Via Wolf Street

Of immediate concern is how much cash Boeing is burning due to the 737 MAX fiasco and now the coronavirus, and how much cash it can pile up to avoid a liquidity crisis.

By Wolf Richter for WOLF STREET.

Boeing’s shares [BA] came unglued, plunging 18.1% today, after having already plunged over the past four weeks. Since February 12, shares have crashed 46%, and since the peak on March 1, 2019, 57%:

Today’s plunge came after a flurry of disclosures and leaks in the morning about Boeing, including:

  • Sources said that Boeing is planning to draw down entirely and much quicker than expected its new credit facility of $13.825 billion as early as Friday, apparently worried that banks might freeze the credit facility later, and banks did during the Financial Crisis.
  • Boeing disclosed that it had negative net orders of -28 aircraft for the first two months of 2020, with cancellations of the 737 MAX exceeding orders for all models;
  • It imposed a hiring freeze to “preserve cash”

Trying to forestall a liquidity crisis. 

Of immediate concern is how much cash Boeing is burning to deal with the 737 MAX fiasco, and how much cash it can pile up to avoid a liquidity crisis.

Back in October 2019, Boeing obtained a new credit line of $9.5 billion, which about doubled the size of its existing credit line. Credit lines serve as liquidity backup that a company can draw down when it needs cash. Then in February, it obtained another loan facility, this time a two-year “delayed-draw term loan” for $13.825 billion from a consortium of banks, led by Citibank. This type of loan allows Boeing to wait drawing the money until it needs it.

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Boeing initially drew $7.5 billion on this new credit line and was expected to draw any other amounts way down the road, as needed to deal with the 737 MAX fiasco. But the disruptions from the coronavirus have been thrown on top of its existing 737 MAX fiasco.

Now Boeing is expected to draw the remainder of the line as early as Friday, sources told Bloomberg. According to one of the sources, Boeing is drawing down the rest of the loan as a precaution due to market turmoil.

This means that Boeing is worried the banks might freeze the unused portion of the credit facility and make the cash unavailable, as banks had done during the Financial Crisis, when companies found that access to their credit lines was suddenly blocked just when they needed the cash most urgently.

The cash pressures on Boeing are enormous.

There is the plunge in revenues from stalled sales and deliveries of the grounded 737 MAX, and the cash drain from working with its suppliers for the 737 MAX program to keep them afloat.

Then there are the settlements with airlines, such as Southwest and American Airlines, over the grounded 737 MAX in their fleets, where Boeing pays the airlines. The amounts of the individual settlements have remained confidential, but in its annual report, released on January 31, Boeing spelled out its estimates for the combined amounts: $8.2 billion.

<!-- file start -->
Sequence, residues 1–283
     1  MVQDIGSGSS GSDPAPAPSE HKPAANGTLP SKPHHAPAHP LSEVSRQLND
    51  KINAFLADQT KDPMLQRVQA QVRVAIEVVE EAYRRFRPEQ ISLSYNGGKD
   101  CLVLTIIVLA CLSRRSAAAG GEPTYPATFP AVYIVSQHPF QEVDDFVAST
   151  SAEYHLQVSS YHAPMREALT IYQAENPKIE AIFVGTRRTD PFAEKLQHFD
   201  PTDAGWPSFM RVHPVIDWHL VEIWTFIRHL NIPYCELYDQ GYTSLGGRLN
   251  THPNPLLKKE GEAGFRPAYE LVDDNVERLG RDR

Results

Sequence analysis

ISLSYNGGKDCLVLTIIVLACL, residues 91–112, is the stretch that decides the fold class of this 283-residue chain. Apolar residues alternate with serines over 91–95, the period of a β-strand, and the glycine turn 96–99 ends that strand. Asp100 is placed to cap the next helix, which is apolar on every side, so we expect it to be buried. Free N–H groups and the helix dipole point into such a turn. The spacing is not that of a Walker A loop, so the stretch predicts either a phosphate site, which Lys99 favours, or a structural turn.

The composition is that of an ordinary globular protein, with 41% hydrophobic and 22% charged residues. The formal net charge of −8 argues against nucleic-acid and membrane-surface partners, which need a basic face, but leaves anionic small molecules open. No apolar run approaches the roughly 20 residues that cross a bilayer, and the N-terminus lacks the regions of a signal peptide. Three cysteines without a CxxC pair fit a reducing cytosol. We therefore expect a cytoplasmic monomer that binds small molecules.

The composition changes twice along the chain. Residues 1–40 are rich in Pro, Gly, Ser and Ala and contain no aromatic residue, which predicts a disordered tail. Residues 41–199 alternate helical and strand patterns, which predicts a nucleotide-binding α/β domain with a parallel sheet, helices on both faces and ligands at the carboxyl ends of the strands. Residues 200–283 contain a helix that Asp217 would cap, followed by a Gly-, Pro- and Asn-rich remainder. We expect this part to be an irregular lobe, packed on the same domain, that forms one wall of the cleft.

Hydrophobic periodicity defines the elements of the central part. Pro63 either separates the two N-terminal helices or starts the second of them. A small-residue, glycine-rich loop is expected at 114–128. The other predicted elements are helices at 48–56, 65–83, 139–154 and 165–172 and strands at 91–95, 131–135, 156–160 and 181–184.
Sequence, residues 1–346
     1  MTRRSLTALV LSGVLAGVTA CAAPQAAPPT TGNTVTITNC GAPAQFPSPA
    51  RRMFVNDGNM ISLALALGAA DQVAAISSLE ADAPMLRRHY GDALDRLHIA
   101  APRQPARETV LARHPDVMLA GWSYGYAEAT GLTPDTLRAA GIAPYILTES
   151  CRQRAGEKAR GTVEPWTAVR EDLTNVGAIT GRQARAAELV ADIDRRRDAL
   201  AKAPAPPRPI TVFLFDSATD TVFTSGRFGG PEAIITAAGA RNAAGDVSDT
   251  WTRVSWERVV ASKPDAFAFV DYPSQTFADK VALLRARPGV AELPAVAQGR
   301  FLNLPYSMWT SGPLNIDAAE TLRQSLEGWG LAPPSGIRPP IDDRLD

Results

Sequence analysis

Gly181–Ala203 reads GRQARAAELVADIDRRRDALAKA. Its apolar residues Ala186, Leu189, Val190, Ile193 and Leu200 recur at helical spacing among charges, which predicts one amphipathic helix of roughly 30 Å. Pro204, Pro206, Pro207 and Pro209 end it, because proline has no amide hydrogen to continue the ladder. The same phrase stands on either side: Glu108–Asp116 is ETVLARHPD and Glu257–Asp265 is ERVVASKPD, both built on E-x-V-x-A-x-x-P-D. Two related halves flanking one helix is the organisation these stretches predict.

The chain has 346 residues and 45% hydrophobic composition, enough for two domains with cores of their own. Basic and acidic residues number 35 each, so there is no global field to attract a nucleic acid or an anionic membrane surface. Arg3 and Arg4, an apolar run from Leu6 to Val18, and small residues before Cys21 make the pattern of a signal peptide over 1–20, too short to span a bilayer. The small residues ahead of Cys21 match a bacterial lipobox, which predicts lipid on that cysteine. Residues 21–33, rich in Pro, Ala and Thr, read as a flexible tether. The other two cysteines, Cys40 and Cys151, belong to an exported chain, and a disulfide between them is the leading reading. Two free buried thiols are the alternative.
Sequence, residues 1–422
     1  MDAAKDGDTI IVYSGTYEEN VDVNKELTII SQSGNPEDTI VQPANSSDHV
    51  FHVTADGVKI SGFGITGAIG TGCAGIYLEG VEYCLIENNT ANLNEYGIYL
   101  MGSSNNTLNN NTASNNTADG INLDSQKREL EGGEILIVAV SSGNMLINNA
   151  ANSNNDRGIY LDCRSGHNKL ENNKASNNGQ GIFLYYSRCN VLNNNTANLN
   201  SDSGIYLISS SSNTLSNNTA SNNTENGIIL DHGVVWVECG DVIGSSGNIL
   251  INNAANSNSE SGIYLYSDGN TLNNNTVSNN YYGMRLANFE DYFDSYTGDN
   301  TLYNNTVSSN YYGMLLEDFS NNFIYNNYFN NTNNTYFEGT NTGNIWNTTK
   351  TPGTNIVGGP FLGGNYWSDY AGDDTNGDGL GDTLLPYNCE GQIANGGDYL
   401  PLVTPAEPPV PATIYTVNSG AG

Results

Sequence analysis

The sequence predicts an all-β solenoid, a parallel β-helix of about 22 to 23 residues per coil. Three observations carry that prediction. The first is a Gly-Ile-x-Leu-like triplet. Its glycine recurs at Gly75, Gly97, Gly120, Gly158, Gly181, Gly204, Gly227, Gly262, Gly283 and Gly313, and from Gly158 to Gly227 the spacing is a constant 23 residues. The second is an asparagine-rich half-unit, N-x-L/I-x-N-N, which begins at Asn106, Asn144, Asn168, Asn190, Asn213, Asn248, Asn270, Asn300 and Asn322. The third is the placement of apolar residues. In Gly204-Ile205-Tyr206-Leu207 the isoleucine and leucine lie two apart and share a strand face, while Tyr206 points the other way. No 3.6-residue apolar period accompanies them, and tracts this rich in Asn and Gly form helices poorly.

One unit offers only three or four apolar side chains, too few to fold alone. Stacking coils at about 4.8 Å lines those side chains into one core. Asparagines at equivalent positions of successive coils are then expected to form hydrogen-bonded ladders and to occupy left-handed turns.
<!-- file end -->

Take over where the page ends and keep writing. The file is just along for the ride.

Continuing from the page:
This came in two lumps. In Q2 2019, it “estimated potential concessions and other considerations to customers for disruptions and associated delivery delays related to the 737 MAX grounding, net of insurance recoveries,” at $5.61 billion. Then in Q4 2019, it estimated an additional $2.62 billion, for a total of $8.2 billion.

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Negative new orders in 2020 so far.

Boeing also disclosed today just how awful its new orders look: During January and February, Boeing received net new orders of negative -43 orders for the 737 MAX, driven by a flood cancellations. It received only one order (from FedEx) for its 767, and 17 orders for its 787. This includes the conversion by Air Lease Corp of nine 737 MAX orders into three 787 orders; and the conversion by Oman Air of ten 737 MAX orders into four 787 orders.

This brought Boeings net total new orders for the first two months, net of cancellations and conversions, to a negative -28.

And Boeing delivered only 30 planes during those two months, down from 95 in the same period last year.

The hiring freeze to “preserve cash”

And now there’s a hiring freeze, pending a “review of priorities and critical needs,” the company announced in a letter to employees, reported by the Washington Post. This hiring freeze is likely related to the 737 MAX fiasco, and not the coronavirus, or at least not yet.

“We’re also taking steps to address the pressures on our business that result from the pain our customers and suppliers are feeling,” wrote CEO Dave Calhoun and CFO Greg Smith in the letter to employees. “It’s critical for any company to preserve cash in challenging periods. That’s why we’re implementing steps similar to what many companies are doing right now.”

If it hadn’t wasted $43 billion on share buybacks…

This mad scramble for cash and the existential urge to “preserve cash in challenging periods” comes after this master of financial engineering – instead of aircraft engineering – blew, wasted, and incinerated $43.4 billion on buying back its own shares, from June 2013 until the financial consequences of the two 737 MAX crashes finally forced the company to end the practice. That $43.3 billion would come in really handy right now:

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The sole purpose of share buybacks is to inflate the stock price because they make the company itself the biggest buyer of its own shares. But those $43 billion of share buybacks cost the company $43 billion in cash. Now those buybacks have stopped because Boeing needs every dime of cash to stay liquid and alive, and shareholders, who’d been so fond of those share buybacks, are now getting crushed by the damage those share buybacks have done to Boeing’s financial position.

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